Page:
Identical, p.6

Identical, page 6

 

Identical
 



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  he craves more. But tonight

  he’ll have to play the good (sober)

  husband and devoted father.

  As I slip into a Vera Wang blouse,

  Tommy Hilfiger jeans, I can hear

  Mom’s well-staged entrance.

  Hello, Raymond. You look well.

  The election is a few precious

  weeks away. Before the final charge,

  Mom needs to make her constituency

  believe she actually cares about family.

  Her own family is the best place to start.

  They’re setting up the cameras.

  Being fairly cute and very well

  dressed, we make a damn fine photo

  op, too. Especially just as the sun

  starts to sink behind our designer home.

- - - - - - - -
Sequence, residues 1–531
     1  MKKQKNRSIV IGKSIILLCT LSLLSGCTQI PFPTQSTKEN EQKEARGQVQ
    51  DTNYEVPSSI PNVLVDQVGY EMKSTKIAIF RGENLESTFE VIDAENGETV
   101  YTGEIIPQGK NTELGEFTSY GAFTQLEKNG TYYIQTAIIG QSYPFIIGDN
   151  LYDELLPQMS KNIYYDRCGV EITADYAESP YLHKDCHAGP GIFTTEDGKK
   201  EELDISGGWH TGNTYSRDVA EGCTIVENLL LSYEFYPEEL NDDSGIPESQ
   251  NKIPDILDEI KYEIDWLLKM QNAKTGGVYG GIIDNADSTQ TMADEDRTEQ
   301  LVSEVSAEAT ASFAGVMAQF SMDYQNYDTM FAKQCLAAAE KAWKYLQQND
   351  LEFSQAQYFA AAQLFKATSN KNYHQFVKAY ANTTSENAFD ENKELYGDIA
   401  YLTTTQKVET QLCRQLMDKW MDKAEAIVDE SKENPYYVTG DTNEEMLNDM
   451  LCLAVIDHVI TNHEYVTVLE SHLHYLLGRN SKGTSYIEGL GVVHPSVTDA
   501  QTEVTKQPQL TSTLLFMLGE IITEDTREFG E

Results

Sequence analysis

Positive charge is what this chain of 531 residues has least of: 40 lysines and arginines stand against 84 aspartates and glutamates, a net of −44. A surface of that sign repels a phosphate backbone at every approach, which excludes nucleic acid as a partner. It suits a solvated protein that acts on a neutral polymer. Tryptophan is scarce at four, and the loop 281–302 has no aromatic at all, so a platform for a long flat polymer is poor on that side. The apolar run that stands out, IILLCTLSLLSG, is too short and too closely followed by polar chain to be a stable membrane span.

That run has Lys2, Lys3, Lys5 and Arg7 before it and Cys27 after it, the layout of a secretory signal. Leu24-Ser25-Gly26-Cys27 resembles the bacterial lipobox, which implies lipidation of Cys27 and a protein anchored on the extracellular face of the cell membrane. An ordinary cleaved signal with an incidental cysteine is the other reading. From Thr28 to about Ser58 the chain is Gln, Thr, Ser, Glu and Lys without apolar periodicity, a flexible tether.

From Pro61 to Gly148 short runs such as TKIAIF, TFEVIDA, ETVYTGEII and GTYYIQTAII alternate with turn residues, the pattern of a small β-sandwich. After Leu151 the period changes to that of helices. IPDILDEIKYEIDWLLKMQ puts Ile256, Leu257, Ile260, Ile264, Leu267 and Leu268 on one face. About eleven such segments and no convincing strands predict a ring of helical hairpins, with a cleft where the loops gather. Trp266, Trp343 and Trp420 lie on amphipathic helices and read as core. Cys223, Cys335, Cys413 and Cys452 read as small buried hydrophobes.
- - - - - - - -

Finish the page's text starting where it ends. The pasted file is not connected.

Reporters and news crews have

  gathered on the front lawn.

  Mom herds us outside.

  Don’t forget to smile.

  Yeah, Mom. Like what else would

  we do? Stick out our tongues?

  Flip them off? Drop our pants, bend

  over, and tell them just what to kiss?

  The thought makes me smile. Not only

  that, but the grin stretches lobe to lobe.

  Poor Mom only knows I’m smiling.

  She smiles too. That’s my girl.

  Daddy Isn’t Running

  This time round, but he has before

  and is intimately aware of campaign

  protocol. Exactly as might be expected,

  he drapes an arm (a ravenous arm, but

  no one but his closest family members

  knows that) around Mom’s shoulder.

  She stiffens, and her smile slips ever so

  slightly, but I’m the only one who notices.

  And she doesn’t dare shrug him off.

  Thank you all for coming, she says.

  It’s good to be home with my family.

  The campaign trail is a lonely one.

  I wonder just how lonely. I wonder

  if she’s getting a little on the side.

  Probably not. I can’t imagine her

  actually getting close enough to

  someone—anyone—to invite them